Perhaps, though, there is a way out of it . . .
In the dressing room, Tamou is likely well advised. In the press conference immediately afterwards, he could not be more contrite, laying it on with a trowel, apologising to everyone from Cummins, to his club, the fans, and citing how he felt ashamed to face his own children after what he had done. He even unveiled the oldest chestnut of the lot: “I’ve let everyone down,” he says emotionally. “I’ve let myself down.”
It was the perfect set-up for the second tier of the defence: playing the “good bloke” card, as in the second-greatest chestnut in such matters. The proof is incontrovertible: “It’s not his go”. Read: yes, he clearly did it, but that is just not him. It’s an abomination second. First, it’s an aberration, so focus on that.
Wests Tigers chair Lee Hagipantelis leads the charge: “He’s an incredible human being,” he tells the press, “one of most honourable men I’ve met in the game as a player.”
Phil Gould is also in full support, tweeting that while Tamou was in the wrong, in this case it is different: “NRL should suspend this penalty due to Tamou’s exemplary career, the fact this incident was totally out of character, there is no chance of reoffending, his immediate remorse and apology was sincere.”
So compelling you’d almost go with it. After all, Tamou is a good bloke and has no record of snarling at referees. And it really would be such a pity, yes, to finish his career like that?
Of course. But there remained a very inconvenient truth, and it was Paul Gallen who expressed it best, writing of Tamou, for WWOS: “He’s a great person who unfortunately just snapped, but that doesn’t mean it goes unpunished because you can’t do what he did.”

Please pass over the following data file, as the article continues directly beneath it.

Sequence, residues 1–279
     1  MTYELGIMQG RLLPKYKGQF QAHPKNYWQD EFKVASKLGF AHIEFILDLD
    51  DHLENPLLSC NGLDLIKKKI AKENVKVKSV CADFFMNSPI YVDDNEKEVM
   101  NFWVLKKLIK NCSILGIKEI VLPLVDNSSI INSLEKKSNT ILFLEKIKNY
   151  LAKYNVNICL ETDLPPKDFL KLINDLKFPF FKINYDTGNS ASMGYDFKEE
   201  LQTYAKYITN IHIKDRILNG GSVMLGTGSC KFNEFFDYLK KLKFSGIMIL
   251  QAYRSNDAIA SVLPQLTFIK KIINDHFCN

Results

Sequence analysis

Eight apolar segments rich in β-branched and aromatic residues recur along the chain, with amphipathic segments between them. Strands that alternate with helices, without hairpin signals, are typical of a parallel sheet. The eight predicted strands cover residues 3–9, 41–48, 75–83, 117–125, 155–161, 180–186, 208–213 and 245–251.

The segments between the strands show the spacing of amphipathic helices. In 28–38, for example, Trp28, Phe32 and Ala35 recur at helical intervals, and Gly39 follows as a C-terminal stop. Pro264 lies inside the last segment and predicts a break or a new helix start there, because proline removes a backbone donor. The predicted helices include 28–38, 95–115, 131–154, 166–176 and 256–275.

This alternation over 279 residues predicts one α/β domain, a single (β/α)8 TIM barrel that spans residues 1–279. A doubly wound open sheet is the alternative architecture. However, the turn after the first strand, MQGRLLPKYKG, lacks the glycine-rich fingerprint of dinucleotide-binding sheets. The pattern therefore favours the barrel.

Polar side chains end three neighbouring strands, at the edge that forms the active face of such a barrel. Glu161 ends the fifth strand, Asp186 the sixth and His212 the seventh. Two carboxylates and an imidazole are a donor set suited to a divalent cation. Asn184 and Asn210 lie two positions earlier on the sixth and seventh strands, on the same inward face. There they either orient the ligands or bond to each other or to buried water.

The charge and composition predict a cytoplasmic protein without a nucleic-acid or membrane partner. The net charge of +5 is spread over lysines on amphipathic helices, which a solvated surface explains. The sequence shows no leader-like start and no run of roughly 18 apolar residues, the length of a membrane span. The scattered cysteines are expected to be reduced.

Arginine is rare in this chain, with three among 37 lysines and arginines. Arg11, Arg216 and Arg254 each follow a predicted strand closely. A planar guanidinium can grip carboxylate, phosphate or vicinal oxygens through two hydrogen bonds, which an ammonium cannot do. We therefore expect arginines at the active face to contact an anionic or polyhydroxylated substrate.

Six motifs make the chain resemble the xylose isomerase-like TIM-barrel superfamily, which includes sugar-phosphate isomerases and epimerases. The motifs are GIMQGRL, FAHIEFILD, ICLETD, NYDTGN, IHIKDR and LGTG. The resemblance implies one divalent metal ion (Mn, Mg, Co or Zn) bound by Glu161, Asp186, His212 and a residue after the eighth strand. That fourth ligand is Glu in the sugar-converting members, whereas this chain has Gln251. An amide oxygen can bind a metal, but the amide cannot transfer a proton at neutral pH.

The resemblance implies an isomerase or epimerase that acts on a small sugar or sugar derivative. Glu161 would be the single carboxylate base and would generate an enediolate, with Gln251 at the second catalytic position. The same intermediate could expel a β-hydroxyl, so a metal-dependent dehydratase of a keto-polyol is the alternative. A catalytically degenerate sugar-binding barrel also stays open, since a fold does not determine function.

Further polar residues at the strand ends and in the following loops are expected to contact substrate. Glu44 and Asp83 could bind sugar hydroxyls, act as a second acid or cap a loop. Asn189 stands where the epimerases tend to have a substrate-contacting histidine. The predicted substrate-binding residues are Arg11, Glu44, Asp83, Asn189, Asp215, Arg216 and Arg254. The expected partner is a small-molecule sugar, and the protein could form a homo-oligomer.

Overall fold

Gallen was just warming up.
“You can’t just let someone off because they’re a good bloke and they’re at the end of their career. I feel really sorry for him, but as the saying goes, if you do the crime you’ve got to do the time. We’ve seen players miss grand finals through suspension, if we start introducing the ‘good bloke’ exemption . . .”
On Tuesday night, the judiciary basically went with the “good bloke” exemption and gave Tamou a one-game suspension for publicly abusing a referee, meaning the Tigers skipper will be back for his final-round farewell match against the Raiders.
All well and good – unless of course Tamou plays a blinder, the Tigers win, and the Raiders miss out on the finals because of it. I would guess Canberra coach Ricky Stuart’s comments in that case might be a little on the intemperate side of things, yes?
And Stuart, when he is not angry, is a known good bloke, too. So in that case, would he get a good bloke exemption?
Look, all up, perhaps two tiers of judiciary are needed; one for the good blokes, and one for the dickheads? And if you’re going to have a good bloke exemption, you surely need a “dickhead loading” to balance things?
And then where would we be?